My last combat tour was in 2004 and I just recently went to talk to a counsellor at my local Vet Center. Why did it take me nine years to do this? Mostly because I didn’t know anything about the Vet Centers. I envisioned the Veterans Administration as a monolithic organization that sucks you in and sticks pills down your throat as soon as you walk in the door. There was no way I was going to put myself in that position.
This post is designed to shed some light on the misperceptions I had about the VA, specifically the Vet Center program. These misperceptions reinforced my refusal to seek help and could have stopped my post-combat adjustments in their tracks.
But they didn’t. I finally did seek, and receive, help. And it was a better experience than I ever thought possible. Now I want to expose these misconceptions and encourage my fellow veterans to take advantage of the benefits they’ve earned.
So, what was I worried about?
My biggest fear was that I’d get sent into a room with some civilian counsellor and spend three hours explaining what a “Marine” is. How was this person ever going to understand who I am or where I came from, let alone help me deal with the after-effects of my service?
Yeah, that fear was totally unfounded.
The first counsellor I spoke with had been a Marine amtrac driver. He’d spent two deployments in Iraq in an infantry role and I didn’t have to explain anything to him. The next counsellor I spoke with was a retired Corpsman–he’d spent his whole career on the “green side” tending to wounded Marines. Their past histories are not uncommon. In fact, eleven of the twelve counsellors on staff at my Vet Center are combat veterans.
I didn’t realize that not every veteran can be seen at a Vet Center. Although organizationally part of the Veterans Administration, the more than 300 Vet Centers across the nation are specifically designed to meet the needs of combat veterans. Only veterans with combat experience (and victims of military sexual trauma) are eligible to receive care at a Vet Center. By serving the unique needs of this specialized population, Vet Center counsellors are well versed in trauma and the specific after-effects of combat.
Why is this so important? Aren’t all mental health folks able to reach into our heads and figure out how to help us? Not hardly. A good friend recently told me of his disastrous foray into the mental health arena.
He’d refused to seek help for his insomnia, constant hyper-vigilance, and overwhelming need to always protect his family from some deadly threat. His reason was simple: he was afraid he’d lose his clearance. His career depended on remaining in a position of special trust and confidence and he feared seeking help would be grounds for his dismissal.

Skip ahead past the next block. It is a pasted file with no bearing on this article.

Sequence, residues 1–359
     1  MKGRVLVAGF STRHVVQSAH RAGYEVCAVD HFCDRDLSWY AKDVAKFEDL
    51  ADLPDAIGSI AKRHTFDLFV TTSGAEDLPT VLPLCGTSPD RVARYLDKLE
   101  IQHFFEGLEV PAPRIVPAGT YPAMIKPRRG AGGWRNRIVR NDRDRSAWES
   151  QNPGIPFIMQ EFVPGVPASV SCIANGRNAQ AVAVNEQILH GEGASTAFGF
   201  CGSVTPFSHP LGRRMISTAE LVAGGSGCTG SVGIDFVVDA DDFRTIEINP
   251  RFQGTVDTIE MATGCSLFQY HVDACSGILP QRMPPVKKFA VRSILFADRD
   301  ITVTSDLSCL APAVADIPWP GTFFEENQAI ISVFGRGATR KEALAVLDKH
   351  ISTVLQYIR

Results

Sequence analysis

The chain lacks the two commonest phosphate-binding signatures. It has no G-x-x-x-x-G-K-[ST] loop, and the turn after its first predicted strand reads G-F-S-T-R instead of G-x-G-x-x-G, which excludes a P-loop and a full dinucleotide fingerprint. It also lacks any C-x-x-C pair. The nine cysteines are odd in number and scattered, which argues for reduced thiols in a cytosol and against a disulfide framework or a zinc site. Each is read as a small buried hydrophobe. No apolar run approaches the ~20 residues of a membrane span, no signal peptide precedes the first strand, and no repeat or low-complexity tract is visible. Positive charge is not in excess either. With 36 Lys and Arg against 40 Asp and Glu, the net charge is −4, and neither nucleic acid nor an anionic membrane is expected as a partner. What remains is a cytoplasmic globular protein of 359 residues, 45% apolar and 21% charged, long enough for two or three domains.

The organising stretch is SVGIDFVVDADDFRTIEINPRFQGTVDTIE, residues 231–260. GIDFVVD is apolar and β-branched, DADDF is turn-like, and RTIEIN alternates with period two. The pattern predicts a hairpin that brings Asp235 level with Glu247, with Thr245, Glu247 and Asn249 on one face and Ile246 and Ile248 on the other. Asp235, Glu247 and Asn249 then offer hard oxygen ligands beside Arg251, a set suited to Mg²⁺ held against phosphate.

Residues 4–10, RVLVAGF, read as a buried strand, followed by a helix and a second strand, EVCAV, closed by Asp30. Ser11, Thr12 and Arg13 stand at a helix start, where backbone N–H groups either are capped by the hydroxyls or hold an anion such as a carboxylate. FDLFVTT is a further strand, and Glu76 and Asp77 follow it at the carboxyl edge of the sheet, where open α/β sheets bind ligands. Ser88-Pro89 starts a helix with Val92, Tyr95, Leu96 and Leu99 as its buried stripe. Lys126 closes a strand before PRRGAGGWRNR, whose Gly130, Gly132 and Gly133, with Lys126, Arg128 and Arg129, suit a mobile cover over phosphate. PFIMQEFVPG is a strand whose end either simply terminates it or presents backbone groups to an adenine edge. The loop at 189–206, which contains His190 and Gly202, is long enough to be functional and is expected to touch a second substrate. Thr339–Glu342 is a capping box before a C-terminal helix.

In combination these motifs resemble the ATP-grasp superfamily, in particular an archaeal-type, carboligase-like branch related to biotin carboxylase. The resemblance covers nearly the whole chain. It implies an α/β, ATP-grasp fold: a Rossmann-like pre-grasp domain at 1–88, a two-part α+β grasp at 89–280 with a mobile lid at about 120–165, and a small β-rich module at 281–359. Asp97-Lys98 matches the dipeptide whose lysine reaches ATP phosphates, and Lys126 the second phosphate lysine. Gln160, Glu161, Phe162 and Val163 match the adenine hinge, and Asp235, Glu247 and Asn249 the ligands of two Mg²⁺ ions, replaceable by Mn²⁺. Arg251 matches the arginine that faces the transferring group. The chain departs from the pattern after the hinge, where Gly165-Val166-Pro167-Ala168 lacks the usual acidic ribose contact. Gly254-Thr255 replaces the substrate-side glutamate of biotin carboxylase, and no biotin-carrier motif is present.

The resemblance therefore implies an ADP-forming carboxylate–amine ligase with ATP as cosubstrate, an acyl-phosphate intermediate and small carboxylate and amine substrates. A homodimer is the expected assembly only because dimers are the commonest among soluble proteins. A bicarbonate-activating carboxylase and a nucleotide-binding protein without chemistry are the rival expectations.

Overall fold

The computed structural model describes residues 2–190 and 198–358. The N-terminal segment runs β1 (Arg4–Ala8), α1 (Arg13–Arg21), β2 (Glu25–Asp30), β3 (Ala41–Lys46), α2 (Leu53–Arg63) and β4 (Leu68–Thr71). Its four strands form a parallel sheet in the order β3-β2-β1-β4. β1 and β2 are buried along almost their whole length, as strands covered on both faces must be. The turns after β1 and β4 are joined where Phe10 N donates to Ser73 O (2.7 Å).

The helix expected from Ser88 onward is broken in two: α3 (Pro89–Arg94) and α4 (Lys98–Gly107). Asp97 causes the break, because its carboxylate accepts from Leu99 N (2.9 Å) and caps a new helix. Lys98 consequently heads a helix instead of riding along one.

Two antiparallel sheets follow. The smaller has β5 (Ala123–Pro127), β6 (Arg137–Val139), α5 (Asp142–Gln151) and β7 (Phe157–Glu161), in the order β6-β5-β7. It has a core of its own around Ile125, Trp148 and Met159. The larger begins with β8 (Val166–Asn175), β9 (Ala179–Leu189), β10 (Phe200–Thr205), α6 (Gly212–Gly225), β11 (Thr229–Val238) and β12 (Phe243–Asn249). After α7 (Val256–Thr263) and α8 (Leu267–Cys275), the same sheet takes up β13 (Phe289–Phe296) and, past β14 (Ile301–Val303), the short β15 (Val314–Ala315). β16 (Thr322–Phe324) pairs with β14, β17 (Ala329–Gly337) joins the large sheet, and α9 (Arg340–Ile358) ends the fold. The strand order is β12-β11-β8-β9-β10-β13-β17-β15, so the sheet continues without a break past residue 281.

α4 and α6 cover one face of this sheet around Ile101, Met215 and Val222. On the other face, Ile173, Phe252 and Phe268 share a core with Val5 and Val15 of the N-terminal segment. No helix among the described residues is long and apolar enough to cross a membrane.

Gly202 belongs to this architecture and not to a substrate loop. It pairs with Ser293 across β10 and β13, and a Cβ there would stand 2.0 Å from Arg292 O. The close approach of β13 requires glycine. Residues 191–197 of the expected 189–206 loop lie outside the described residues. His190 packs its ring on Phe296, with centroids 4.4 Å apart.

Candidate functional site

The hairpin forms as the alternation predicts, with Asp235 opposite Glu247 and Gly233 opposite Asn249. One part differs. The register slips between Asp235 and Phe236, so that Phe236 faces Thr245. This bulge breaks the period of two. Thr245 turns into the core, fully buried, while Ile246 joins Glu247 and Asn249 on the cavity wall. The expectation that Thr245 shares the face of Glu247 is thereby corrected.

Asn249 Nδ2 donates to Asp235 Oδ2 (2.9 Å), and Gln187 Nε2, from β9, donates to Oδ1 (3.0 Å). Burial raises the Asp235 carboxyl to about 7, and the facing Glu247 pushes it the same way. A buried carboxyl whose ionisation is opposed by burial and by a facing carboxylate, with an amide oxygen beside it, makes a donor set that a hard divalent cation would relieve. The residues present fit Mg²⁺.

But he realized that he needed help. Taking the initiative, he went to a psychologist not associated with the VA and paid for counseling sessions out of his own pocket. There would be no paper trail, no computer record of him ever seeking mental health assistance, and his career would be unaffected. He gets help with no adverse career impact. Win win.
But the psychologist was of no help what-so-ever. Worse, his ineptitude drove my friend further into his shell. With his extensive experience in family counseling, the psychologist confidently advised my friend that his issues stemmed from an unaddressed fear that his wife was cheating on him. No mention of combat, no recognition that his fear of being unable to protect his family was tied to the death of a Marine under his command, nothing based in my friend’s reality–it was all based in the psychologist’s reality.
When a veteran finally reaches out for help it is imperative they reach out to the right person. You don’t go to a proctologist for a sore throat. If you need help dealing with combat, go to a professional with the background to actually help. My buddy didn’t and now he’ll have to overcome real anger before trusting another counsellor in the future.
What about his fear that he’d lose his clearance? Not an issue if he’d gone to the Vet Center. The computer system at the Vet Center is closed. This is not necessarily the case at a VA clinic. The VA has many programs under its umbrella and most of its computer systems are accessible to administrators of other VA programs. So the data recorded during a VA clinic visit may be available to, say, the loan officer reviewing your VA loan paperwork. But the computer system at the Vet Center is independent from the greater VA computer system. Records cannot be accessed by anyone outside the Vet Center without specific approval from the veteran. So what you say there, stays there–unless you want it to be shared to support your VA disability claim.
The professionals waiting to talk to you at the Vet Center have walked, if not in your shoes, at least close enough to know that they stink. They have years of experience helping veterans understand what is happening inside their heads and true compassion for the challenges of coming home. What you say to them is kept confidential through the isolation of their computer system and they recognize that protecting that information is vitally important to maintaining trust. Without your trust they have no ability to help. And that would be mission failure for them.
Their mission is to assist veterans tackle the challenges of coming home. Through an initial series of interviews, counsellors assess what level of assistance a veteran might need and recommend several different courses of action. Everything is voluntary and the veteran can choose his or her own path forward.
I’m glad I only spent nine years before going to the Vet Center. Others have waited much longer. Regardless of how long you’ve been home, make an appointment at the nearest Vet Center (you can find it here: Vet Center Locations).
Stop in, take a look, and get to know the folks there. You lose nothing by taking that first step–and you have a hell of a lot to gain.